Update alert: Google patches zero-day Chrome vulnerability

Google was recently alerted by one of its own researchers to a memory corruption vulnerability in its Chrome browser. The flaw, a zero-day cataloged as CVE-2020-15999, was uncovered by Sergei Glazunov, who works with Google’s internal security team Project Zero. This was confirmed in a blog post by Google that acknowledges the bug finders who brought the flaws to their attention. The blog post specifically speaks of multiple vulnerabilities that Google has patched, and in the case of CVE-2020-15999, post author Prudhvikumar Bommana stated the following:

Google is aware of reports that an exploit for CVE-2020-15999 exists in the wild.

The memory corruption vulnerability, which has a high severity ranking on the Common Vulnerability Scoring System (CVSS), results from a heap buffer overflow in FreeType. FreeType is an open-source software development library for fonts that has a large number of users on Chrome.

Google patched this Chrome vulnerability quickly after being notified, but the presence of the flaw in the wild is a cause for concern. It is not known how long this zero-day existed, but these types of exploits can allow a black hat hacker to potentially gain control of the browser and even your machine.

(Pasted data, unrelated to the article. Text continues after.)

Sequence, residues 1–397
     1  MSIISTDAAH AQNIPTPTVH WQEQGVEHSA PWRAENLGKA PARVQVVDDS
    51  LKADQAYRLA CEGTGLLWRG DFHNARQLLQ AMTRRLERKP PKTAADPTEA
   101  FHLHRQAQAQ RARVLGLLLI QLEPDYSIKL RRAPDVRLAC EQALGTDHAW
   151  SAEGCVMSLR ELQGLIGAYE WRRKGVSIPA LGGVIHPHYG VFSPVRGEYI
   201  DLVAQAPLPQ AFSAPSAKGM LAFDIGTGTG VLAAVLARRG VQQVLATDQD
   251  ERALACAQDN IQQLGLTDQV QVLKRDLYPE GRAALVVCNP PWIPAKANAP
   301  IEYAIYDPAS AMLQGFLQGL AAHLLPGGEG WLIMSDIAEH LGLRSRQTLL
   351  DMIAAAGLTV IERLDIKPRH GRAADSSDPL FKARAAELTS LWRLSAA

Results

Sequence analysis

For this reason, it is recommended that you update Chrome to version 86.0.4240.111 immediately. Experts took to Twitter to warn their followers of the consequences of ignoring this update. Sam Stepanyan, a leader of OWASP’s London chapter, warned Twitter followers that “attackers can execute arbitrary code on your computer.”

There is not much publicly available information indicating just how many people have been attacked. It is important to keep in mind that, while Chrome’s version of FreeType has been patched, other variants of the software development library may be vulnerable. In a tweet, Google Project Zero technical lead Ben Hawkes stated: “While we only saw an exploit for Chrome, other users of FreeType should adopt the fix discussed here.”

Featured image: Pixabay

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